would you sue a company for removing a seldom used feature? plenty do
Do you have a Sony PlayStation 3? The reason I ask is because if you do are you pissed off at Sony for taking away features and options from the PS3? I first purchased a PS3 in March 2006, 3 days after its Australian launch. I love the PS3 as also I did the PS2 and the original PlayStation one. I have seen every incarnation of these consoles help propel the Sony Corporation a little further ahead in the battle of domination for the gamers’ heart and soul and their hard earned dollars. Game consoles like any technological device have greatly morphed since their first release into the main stream consumer market. I remember the earliest TV game consoles that basically just played variations of the game Pong.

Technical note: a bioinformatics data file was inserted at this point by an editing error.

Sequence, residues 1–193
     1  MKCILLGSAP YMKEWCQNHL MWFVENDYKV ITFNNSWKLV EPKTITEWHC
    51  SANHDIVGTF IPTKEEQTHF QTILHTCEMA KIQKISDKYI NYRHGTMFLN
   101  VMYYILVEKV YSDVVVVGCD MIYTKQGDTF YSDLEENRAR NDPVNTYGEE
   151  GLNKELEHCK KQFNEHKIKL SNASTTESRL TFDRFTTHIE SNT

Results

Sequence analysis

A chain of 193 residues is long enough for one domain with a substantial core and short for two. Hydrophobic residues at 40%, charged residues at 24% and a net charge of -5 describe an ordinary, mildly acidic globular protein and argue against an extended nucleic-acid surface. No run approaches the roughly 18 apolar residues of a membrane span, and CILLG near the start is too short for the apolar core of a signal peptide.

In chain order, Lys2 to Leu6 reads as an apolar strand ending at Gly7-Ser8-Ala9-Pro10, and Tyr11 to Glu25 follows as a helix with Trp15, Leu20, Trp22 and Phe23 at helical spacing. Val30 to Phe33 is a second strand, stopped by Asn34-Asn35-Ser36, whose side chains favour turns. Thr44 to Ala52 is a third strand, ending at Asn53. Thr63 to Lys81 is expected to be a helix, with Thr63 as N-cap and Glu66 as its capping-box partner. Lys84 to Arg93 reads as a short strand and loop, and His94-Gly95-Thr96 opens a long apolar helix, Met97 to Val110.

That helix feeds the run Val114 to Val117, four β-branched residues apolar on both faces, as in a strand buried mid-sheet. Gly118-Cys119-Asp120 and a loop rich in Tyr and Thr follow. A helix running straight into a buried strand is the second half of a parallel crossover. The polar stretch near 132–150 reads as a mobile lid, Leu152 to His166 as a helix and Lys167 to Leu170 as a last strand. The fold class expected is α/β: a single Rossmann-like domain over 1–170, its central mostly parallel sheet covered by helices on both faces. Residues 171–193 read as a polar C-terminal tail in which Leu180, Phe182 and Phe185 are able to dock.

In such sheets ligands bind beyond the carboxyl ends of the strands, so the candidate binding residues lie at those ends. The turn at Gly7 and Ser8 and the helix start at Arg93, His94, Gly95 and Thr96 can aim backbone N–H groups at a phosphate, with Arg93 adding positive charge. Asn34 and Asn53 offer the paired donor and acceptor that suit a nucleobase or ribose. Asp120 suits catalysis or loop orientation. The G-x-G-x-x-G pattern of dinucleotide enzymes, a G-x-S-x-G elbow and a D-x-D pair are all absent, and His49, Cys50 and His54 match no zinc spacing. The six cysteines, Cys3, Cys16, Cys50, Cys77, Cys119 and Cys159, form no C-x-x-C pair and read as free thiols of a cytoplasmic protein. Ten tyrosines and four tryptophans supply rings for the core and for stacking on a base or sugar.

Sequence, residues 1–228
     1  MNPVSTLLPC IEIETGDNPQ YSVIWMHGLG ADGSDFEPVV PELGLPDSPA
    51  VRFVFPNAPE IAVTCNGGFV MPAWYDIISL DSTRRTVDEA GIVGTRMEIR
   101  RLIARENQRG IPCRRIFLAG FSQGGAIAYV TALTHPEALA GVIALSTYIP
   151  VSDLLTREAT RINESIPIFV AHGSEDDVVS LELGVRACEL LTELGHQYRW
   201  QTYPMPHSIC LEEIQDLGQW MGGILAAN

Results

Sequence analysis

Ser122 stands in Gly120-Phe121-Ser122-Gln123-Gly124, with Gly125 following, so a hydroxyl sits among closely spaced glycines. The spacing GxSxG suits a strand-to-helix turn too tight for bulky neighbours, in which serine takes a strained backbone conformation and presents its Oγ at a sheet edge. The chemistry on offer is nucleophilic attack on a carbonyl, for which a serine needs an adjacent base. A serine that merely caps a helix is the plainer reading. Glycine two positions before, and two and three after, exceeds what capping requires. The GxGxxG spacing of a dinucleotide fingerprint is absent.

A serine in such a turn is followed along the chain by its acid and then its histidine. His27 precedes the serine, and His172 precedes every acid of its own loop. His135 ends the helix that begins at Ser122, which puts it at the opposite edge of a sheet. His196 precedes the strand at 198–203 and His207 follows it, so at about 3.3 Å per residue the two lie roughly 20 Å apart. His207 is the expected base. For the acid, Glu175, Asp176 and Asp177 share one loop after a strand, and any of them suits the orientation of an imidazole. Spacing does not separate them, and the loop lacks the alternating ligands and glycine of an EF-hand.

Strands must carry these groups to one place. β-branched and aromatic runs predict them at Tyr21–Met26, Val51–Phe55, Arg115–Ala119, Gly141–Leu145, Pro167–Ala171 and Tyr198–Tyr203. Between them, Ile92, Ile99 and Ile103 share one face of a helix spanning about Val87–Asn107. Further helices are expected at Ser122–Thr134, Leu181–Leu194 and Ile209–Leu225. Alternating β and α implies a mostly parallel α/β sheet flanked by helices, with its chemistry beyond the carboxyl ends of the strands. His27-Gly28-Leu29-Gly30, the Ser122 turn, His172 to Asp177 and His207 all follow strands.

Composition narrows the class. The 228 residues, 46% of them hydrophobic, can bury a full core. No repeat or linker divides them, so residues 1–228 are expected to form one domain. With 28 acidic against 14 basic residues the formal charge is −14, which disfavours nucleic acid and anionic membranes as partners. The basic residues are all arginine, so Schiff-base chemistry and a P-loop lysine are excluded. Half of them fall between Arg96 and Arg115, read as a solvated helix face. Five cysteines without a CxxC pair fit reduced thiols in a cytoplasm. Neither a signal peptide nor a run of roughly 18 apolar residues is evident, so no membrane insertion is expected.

Pong was one of the earliest arcade video games was a tennis game like simulation that features simple two-dimensional graphics. The aim of the game was to defeat an opponent of either a computer controlled opponent or a second human player in an electronic game of tennis. The game was originally manufactured by Atari and enjoyed huge commercial success in game arcades around the world providing a serious contender to the once almighty pinball machine. I also love the pinball machines but that sounds like a post for another day. By 1975 Atari had released a home version of Pong and like its arcade predecessor it also proved to be a huge commercial success. The game was remade on numerous home and portable platforms following its release and laid down an important foundation for the game console market of today.